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Alex Robertson
By Alex Robertson on August 05, 2022

Touch The 'T' - A Drill To Cure Lazy Movement

I've been playing squash for a pretty long time (around 15 years) and there have been a number of periods throughout my squash journey in which I've slipped into the bad habit of having a lazy movement.

I've noticed that this usually happens when I haven't played for a little while.

This is a pretty common issue in squash and it usually takes some time for players to realise that they're doing it and, unfortunately, it can also take some time to fix the issue.

However, there's one drill that does an awesome job of fixing lazy movement and I thought I'd focus on it in a blog post...

When I refer to lazy movement, I'm talking about when players don't move all the way back to the T after playing their shot, particularly during length rallies to the back of the court.

It's an easy habit to slip into and it can lose you a lot of points.

If your opponent is playing drive after drive, it might almost feel like a waste of energy to move all the way back to the T just to move back to the back corners again.

But, in case it's not obvious if you're constantly hanging back and waiting for your opponent to play another length back to you (rather than moving all the way back to the T), the moment they take the ball into the front of the court, it becomes much harder for you to reach their shot before it bounces twice.

It can actually be pretty hard to notice whether or not you're guilty of this, but, if you repeatedly find yourself at the back of the court at the end of rallies that you've lost, it might be a sign!

Or, if you notice that, during rallies, you're having to exert a lot more energy and cover a lot more ground than usual when moving into the front of the court, this may be another sign that you're hanging back and not returning to the T after each shot.

Anyway, there are a number of different drills that are great for fixing your movement.

The first one that comes to mind is ghosting (moving from corner to corner and simulating the movement of an actual match situation without using a ball), however, I don't know a single person who enjoys ghosting. Let's be honest, it's not really that fun is it?

Most recreational players, or players of pretty much any standard (other than professional) who are looking to improve, would likely prefer to do drills in which they're actually playing with the ball because let's face it, it's far more fun.

This leads me to the main drill that I wanted to cover. It isn't particularly exciting, but I do think it's one of, if not the best, drills for curing lazy movement.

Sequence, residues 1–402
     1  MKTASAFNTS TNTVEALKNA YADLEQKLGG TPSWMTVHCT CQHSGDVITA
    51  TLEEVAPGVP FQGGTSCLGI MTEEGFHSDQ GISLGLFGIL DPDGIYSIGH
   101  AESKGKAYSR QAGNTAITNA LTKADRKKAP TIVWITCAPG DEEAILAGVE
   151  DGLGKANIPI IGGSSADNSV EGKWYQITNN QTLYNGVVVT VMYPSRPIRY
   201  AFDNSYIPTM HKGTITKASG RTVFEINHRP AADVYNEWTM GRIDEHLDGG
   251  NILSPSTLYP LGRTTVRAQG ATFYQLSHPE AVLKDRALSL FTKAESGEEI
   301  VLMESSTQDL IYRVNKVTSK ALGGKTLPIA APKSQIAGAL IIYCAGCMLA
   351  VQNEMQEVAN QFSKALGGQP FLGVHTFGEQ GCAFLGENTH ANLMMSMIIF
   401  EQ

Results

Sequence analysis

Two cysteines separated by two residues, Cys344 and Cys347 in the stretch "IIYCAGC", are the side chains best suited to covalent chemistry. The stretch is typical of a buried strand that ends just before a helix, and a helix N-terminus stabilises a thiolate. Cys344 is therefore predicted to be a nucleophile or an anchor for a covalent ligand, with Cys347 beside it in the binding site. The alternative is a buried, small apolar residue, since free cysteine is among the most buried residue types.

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There's only one rule and it's pretty simple, you have to touch the T after every single shot you play, with no excuses.

Some people use their racquet to touch the T when they do this drill, however, I personally think that it's better to actually touch the T with your foot after each shot, to ensure you're actually on it!

I used to do this with my coach pretty often back when I was a junior and you can make a number of changes to the drill to make it work best for you.

Personally, I think the best way to execute this drill is by placing another condition that every single shot also has to bounce past the short line, so everything goes into the back corners.

After all, lazy movement is usually only an issue when moving in and out of the back corners so there's no real need to incorporate the front of the court into this drill unless you want to do a heck of a lot more hard work.

Just think, if the ball goes into the front of the court during this drill, it's a long way to go to get back to the T, plus, if the next player plays a counter shot it becomes even tougher.

So, I'd advise keeping things at the back of the court for this one.

It's a pretty physically demanding drill at times anyways, so if you want to slow things down even more (meaning that you can completely focus on your movement), you could try adding in the condition that every shot also has to hit above the service line on the front wall.

You can also choose whether or not you want to score when executing the drill, it's totally up to you.

I find that this drill works wonders when I'm struggling with lazy movement, so if you're struggling too, you could always give it a try.

It doesn't usually take long before I notice the movement from this drill begins to transfer into my movement in actual matches. It really does a great job of building up muscle memory, the more times you touch that T, the more your body will get used to it.

I hope you gained something from this article, perhaps it's not the most exciting drill ever, but even if it just helps one or two of our readers, I'll be happy!

Also, if you have any requests for topics or advice, please feel free to get in touch and I'll do my best to cover them.

Published by Alex Robertson August 5, 2022
Alex Robertson